How Old are the Mungo Man Remains?
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A Question of Time: How We Date Human Evolution
These drawings show the location of the LM3 site in the Walls of China (A), a plan of the layers at the sites of LM1 and LM3 (B), and a section showing the reconstruction of stratigraphic layers that had been deflated (C). (Drawings Rainer Grün – with permission.)When LM3 (Mungo Man) was excavated, the stratigraphic reconstruction and work that had been done for the site of LM1 and LM2 was used to provide an estimated date by stratigraphic comparison. Trenches were also dug a few metres west of the remains, to help establish the stratigraphy. C-14 analysis was also carried out on associated material, but not on the remains themselves. They concluded that the remains were between 28,000 and 30,000 years old (Bowler and Thorne, 1976). Later thermoluminescence dating of the lower Mungo layer of the stratigraphy returned dates of between 36,000 years and 50,000 years (Oyston, 1996), suggesting that the site may be beyond the range of C-14 dating at that time. In 1998, a thermoluminescence date of a sample from the layer returned an age of around 41,000 years. (We haven’t covered luminescence dating, but in the links at the end of this page we have included a detailed handbook by Professor Geoff Duller from Aberystwyth University – in case you’d like to dig a little deeper.)
Direct datingAll of these previous dates were indirect dates – dates inferred from stratigraphy and context, and from associated artifacts and sediments. In 1999, Rainer worked with a team that included Alan Thorne, to carry out an ESR and U-series study on LM3 that would include direct dating methods. The team used bone shavings from LM3 for the U-series analysis and used ESR on the tooth enamel. They also carried out U-series dating on calcitic matrix recovered from the original skeleton, and Optically Stimulated Luminescence (OSL) analysis from sediment taken from a deeper layer of the soil (Thorne et al., 1999). The results were startling and created a bit of an uproar. They reported that the U-Series and ESR analyses on the bones yielded a date of 62,000 ± 6,000 years. The OSL age estimate on the sediments was 61,000 ± 2,000 years. The U-series analysis of the calcitic matrix returned an age of 81,000 ± 21,000 years (Thorne et al., 1999). All these ages were significantly older than what had been previously assumed from indirect methods. In 2003, a further OSL study of the site was carried out. Three separate laboratories were used to date samples that were taken from the layer associated with the Mungo remains. They concluded that LM3 was buried around 40,000 ± 2,000 years ago (Bowler et al., 2003).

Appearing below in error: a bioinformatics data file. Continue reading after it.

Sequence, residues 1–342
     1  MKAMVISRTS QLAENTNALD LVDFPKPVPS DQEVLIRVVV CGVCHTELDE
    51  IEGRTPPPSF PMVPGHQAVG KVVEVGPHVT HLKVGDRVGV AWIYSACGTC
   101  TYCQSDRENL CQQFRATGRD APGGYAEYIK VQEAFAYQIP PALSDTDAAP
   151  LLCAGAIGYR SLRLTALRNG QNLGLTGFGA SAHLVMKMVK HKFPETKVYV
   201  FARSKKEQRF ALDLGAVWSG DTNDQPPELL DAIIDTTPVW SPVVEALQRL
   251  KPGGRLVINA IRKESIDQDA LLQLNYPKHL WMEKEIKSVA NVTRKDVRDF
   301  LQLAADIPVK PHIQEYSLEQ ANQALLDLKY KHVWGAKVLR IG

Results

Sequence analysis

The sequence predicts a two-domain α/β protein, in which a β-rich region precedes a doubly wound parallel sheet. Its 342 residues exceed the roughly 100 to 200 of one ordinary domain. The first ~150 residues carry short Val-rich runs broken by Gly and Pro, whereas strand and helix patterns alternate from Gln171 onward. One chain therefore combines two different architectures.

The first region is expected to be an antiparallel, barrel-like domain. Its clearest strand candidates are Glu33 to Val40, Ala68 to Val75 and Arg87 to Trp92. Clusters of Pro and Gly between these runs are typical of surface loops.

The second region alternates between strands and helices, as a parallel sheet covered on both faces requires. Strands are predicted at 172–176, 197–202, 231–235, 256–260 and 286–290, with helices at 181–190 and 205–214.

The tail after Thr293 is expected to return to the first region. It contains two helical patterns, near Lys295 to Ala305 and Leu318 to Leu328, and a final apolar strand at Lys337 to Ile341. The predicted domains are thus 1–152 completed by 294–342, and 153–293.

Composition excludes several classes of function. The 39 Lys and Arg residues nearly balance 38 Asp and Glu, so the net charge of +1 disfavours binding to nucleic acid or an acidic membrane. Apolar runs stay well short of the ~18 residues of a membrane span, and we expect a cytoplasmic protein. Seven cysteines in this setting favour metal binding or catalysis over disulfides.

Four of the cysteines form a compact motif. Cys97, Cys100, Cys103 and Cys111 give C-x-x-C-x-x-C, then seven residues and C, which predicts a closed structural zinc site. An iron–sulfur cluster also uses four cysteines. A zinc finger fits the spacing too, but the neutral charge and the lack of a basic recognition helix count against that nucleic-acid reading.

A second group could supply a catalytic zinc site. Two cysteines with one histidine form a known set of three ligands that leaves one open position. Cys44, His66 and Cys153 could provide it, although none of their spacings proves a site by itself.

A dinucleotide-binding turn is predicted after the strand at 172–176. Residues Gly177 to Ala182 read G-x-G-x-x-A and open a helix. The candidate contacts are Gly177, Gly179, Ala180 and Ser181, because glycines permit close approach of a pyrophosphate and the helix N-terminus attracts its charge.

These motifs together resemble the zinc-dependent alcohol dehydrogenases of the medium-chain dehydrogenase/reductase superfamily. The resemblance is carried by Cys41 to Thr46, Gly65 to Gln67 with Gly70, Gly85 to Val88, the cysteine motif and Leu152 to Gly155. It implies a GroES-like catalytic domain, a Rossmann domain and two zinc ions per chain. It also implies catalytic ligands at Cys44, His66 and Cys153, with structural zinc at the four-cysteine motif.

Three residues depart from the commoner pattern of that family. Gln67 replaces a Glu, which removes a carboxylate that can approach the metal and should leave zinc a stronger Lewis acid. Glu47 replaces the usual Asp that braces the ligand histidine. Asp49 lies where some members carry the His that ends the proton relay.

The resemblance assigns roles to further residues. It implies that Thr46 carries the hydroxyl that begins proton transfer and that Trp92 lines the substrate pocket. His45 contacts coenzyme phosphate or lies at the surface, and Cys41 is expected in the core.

They can’t BOTH be right…Both dates cannot be correct. They do not even overlap – there is too big a gulf between 60,000 years and 40,000 years. Two of the researchers who were involved in these studies readily agreed to sit down and have an informal chat about the two vastly different dates.
ReferencesBowler, J.M., Johnston, H., Olley, J.M., Prescott, J.R., Roberts, R.G., Shawcross, W. and Spooner, N.A. (2003). New ages for human occupation and climatic change at Lake Mungo, Australia. Nature 421(6925):837. Bowler, J.M., Jones, R., Allen, H.M., and Thorne, A. G. (1970). Pleistocene human remains from Australia; a living site and human cremation from Lake Mungo, western New South Wales. World Archaeology, 2. 1, Early Man, 39-60. Bowler, J. M. and Thorne, A. G. (1976). Human remains from Lake Mungo: discovery and excavation of Lake Mungo III. In (R. L. Kirk & A. G. Thorne, Eds) The Origin of the Australians, pp. 127–138. Canberra: Australian Institute of Aboriginal Studies. Oyston, B. (1996). Thermoluminescence age determinations for the Mungo III human burial, Lake Mungo, southeastern Australia. Quat. Sci. Rev. 15, 739–749. Readhead, M. L. (1988). Thermoluminescence dating study of quartz of aeolian sediments from southeastern Australia. Quat. Sci. Rev. 7, 325–329. Thorne, A., Grün, R., Mortimer, G., Spooner, N.A., Simpson, J.J., McCulloch, M., Taylor, L. and Curnoe, D. (1999). Australia’s oldest human remains: age of the Lake Mungo 3 skeleton. Journal of Human Evolution, 36:591-612.
A Question of Time: How We Date Human Evolution
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